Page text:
5 Ways to Stay Sane at Home During the Pandemic
As we enter into our fourth month of social distancing and staying at home, we are forced to find a new normal in our life. Although we may be physically safe at home, some of us are starting to feel stir crazy. Most of our norms have been stripped away—working at the office, going to school, hanging out with friends, travelling, eating at restaurants, shopping at malls, and watching movies at theatres. Instead, we are suddenly forced to live a “virtual” life—working remotely from home, meeting up virtually, attending school virtually, and the list goes on.
The boundaries with our different roles are blurred and converged at home. Everything happens from there now. Our kitchen table has become our desk for work, classroom for school, entertainment area for family games, and table for meals. This can be a jarring experience for some of us.
More than ever, we need to have order and boundaries in our current situation. Until we have a “normal” life again, here are some ways to stay sane while we stay safe at home during COVID-19. Some of these principles are adopted from the work of trauma researcher Bessel van der Kolk.
Our body thrives on consistency, rhythm, and routine. Therefore, we must create a schedule for the day and the week, perhaps even the month. Each day, plan a physical activity, a social activity, a productive activity, a fun activity, and a self-care activity. Create a calendar of connections and activities. Your day will go by faster.
When we sense a loss of agency about our current situation, our body innately wants to take action. It starts to produce stress hormones to mobilize us to protect ourselves. If we don’t release it, we’ll end up losing our temper with others. We can self-regulate through exercise (e.g., yoga, walking, working out), mindfulness (awareness of how we are doing and what we are feeling in the moment), and breathing (slow deep breaths to decrease stress and anxiety).
We are made for connection. Interaction with others keeps us safe and sane. Through the faces and voices of others, we regulate ourselves. These social rhythms allow us to develop and sustain ourselves. Ensure that we have daily face-to-face interactions with friends and family. If you live alone, this can be done via virtual meals/coffee, virtual games, virtual/physically distanced walks, and picnics at the park.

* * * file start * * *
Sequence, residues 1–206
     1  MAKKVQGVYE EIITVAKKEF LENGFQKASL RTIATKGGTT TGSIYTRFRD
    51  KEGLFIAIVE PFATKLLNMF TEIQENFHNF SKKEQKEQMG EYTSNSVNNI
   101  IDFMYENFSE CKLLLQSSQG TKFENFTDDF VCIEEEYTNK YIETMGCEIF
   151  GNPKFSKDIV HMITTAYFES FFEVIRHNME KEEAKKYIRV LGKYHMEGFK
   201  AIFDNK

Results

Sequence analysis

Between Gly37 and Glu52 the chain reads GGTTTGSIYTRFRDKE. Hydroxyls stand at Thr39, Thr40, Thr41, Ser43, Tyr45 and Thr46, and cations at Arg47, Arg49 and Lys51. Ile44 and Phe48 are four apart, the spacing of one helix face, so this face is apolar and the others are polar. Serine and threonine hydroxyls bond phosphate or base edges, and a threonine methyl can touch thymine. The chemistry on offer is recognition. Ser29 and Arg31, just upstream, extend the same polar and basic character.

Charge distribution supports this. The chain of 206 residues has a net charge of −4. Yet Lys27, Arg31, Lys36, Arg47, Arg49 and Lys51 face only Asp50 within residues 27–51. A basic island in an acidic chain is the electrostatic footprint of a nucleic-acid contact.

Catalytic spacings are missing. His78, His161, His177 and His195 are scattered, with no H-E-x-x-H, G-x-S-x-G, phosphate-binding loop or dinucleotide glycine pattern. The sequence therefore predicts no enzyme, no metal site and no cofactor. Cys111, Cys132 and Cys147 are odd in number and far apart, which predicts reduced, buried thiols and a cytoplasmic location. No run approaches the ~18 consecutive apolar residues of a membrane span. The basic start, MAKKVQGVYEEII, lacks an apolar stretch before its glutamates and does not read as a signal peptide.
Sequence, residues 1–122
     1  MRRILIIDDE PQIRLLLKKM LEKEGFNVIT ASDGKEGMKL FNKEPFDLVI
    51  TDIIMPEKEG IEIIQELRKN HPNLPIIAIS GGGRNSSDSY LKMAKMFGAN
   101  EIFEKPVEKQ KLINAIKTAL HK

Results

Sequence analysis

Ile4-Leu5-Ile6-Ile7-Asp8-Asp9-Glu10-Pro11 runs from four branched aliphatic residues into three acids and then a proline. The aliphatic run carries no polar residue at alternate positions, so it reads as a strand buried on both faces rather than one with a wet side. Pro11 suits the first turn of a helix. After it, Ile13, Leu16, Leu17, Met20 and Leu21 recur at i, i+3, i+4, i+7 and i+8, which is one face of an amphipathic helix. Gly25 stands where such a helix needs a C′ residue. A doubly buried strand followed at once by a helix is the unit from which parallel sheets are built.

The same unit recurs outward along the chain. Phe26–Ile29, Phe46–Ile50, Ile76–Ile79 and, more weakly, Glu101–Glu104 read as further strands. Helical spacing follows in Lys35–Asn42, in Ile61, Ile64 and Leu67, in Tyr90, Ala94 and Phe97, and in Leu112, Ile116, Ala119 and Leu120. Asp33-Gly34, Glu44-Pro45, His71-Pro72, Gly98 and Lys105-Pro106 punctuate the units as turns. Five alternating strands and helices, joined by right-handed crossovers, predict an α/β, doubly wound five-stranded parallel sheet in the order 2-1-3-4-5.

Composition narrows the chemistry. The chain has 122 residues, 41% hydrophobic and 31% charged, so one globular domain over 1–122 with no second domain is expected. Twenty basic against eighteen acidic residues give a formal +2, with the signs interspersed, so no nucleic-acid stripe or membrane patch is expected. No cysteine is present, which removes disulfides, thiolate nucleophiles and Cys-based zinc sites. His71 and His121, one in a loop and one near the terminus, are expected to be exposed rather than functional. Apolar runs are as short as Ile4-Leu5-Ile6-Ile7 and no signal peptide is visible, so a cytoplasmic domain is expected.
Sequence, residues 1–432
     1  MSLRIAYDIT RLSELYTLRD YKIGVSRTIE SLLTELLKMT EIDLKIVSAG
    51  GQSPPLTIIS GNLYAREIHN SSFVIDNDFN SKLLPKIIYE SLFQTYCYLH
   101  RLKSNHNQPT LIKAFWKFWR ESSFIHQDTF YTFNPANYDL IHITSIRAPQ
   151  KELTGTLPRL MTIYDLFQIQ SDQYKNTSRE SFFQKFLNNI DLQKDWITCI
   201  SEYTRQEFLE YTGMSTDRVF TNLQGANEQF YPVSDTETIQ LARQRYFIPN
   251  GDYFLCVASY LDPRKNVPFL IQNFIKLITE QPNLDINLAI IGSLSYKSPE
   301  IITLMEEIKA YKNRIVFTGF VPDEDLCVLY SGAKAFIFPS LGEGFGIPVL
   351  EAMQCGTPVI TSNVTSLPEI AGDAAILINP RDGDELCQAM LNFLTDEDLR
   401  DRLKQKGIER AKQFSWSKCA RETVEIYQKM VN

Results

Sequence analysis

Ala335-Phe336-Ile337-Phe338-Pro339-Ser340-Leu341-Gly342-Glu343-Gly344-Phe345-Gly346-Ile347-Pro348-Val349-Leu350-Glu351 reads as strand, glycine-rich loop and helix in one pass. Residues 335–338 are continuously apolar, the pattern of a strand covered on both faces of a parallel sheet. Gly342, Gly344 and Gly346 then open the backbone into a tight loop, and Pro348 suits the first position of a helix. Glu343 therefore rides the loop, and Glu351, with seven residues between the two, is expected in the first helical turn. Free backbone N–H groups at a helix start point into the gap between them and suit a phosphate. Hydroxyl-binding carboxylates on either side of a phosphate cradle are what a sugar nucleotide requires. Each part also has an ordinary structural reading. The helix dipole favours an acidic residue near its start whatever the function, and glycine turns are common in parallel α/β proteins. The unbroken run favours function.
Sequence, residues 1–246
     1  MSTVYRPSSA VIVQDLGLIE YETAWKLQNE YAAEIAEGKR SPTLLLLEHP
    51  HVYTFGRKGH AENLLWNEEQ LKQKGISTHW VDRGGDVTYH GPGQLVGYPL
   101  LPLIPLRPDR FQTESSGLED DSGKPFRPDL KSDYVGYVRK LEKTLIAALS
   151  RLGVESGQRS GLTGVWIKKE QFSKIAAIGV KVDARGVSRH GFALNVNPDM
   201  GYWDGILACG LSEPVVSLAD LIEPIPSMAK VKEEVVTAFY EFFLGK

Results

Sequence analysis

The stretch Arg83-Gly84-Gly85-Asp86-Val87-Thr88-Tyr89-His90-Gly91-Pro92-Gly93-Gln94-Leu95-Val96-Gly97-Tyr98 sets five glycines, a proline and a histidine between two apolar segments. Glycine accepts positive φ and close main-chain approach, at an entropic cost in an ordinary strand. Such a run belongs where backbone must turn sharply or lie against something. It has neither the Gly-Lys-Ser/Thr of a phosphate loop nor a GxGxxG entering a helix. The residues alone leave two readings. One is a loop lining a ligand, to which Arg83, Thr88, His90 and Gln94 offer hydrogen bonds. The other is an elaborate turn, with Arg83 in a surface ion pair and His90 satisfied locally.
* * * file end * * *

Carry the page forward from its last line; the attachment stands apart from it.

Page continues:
4. Hope for the Future
A prolonged period of staying at home may create a loss sense of time. Like the movie Groundhog Day, every day may feel the same. Life has been paused and staying at home feels like forever. This may stir up anxiety or depression for some people. Our brain and body thrive on planning for the future. Planning gives us a sense of hope, calm, and agency. It is therefore important to make plans for the future, even if it’s just the immediate future. Plan your week with activities described above. But also plan for the distant future. Dream of things that you’d like to do when we are able to interact together again. Have something to look forward to.
This is a stressful time for everyone. We are forced to make extreme adjustments in a short period of time. Everything is unpredictable and ever changing on a daily basis. As we’re trying to adjust to our new norm, juggle different roles at home, or grieve through the loss of a job or a loved one, self-care becomes integral. If you are at home with loved ones, practice affection (e.g., touch, cuddles, and hugs). Listen to music that makes you feel calm. Have some space for privacy where you can withdraw. Let go of unrealistic expectations of your children (e.g., let them watch more television during this time so you can get some work done, it’s not going to ruin their life!). Go for a walk. Talk to a friend. Do a fun activity for yourself (e.g., read, create, sing, nap). Be kind to yourself and you will be better for others around you!